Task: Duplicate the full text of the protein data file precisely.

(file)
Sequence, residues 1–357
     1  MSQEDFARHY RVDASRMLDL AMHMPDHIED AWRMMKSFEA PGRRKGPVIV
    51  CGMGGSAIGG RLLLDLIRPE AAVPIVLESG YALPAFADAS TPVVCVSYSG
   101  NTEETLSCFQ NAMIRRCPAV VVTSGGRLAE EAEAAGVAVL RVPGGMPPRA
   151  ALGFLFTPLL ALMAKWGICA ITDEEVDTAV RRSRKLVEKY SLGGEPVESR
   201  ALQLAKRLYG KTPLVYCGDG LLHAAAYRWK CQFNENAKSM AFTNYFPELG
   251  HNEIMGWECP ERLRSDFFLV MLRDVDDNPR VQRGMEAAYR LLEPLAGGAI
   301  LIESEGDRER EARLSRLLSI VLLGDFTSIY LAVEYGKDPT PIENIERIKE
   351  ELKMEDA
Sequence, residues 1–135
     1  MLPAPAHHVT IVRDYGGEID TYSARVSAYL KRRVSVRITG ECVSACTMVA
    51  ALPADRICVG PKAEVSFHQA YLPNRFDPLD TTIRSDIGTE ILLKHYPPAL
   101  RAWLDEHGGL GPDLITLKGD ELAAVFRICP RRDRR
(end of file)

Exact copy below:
Sequence, residues 1–357
     1  MSQEDFARHY RVDASRMLDL AMHMPDHIED AWRMMKSFEA PGRRKGPVIV
    51  CGMGGSAIGG RLLLDLIRPE AAVPIVLESG YALPAFADAS TPVVCVSYSG
   101  NTEETLSCFQ NAMIRRCPAV VVTSGGRLAE EAEAAGVAVL RVPGGMPPRA
   151  ALGFLFTPLL ALMAKWGICA ITDEEVDTAV RRSRKLVEKY SLGGEPVESR
   201  ALQLAKRLYG KTPLVYCGDG LLHAAAYRWK CQFNENAKSM AFTNYFPELG
   251  HNEIMGWECP ERLRSDFFLV MLRDVDDNPR VQRGMEAAYR LLEPLAGGAI
   301  LIESEGDRER EARLSRLLSI VLLGDFTSIY LAVEYGKDPT PIENIERIKE
   351  ELKMEDA
Sequence, residues 1–135
     1  MLPAPAHHVT IVRDYGGEID TYSARVSAYL KRRVSVRITG ECVSACTMVA
    51  ALPADRICVG PKAEVSFHQA YLPNRFDPLD TTIRSDIGTE ILLKHYPPAL
   101  RAWLDEHGGL GPDLITLKGD ELAAVFRICP RRDRR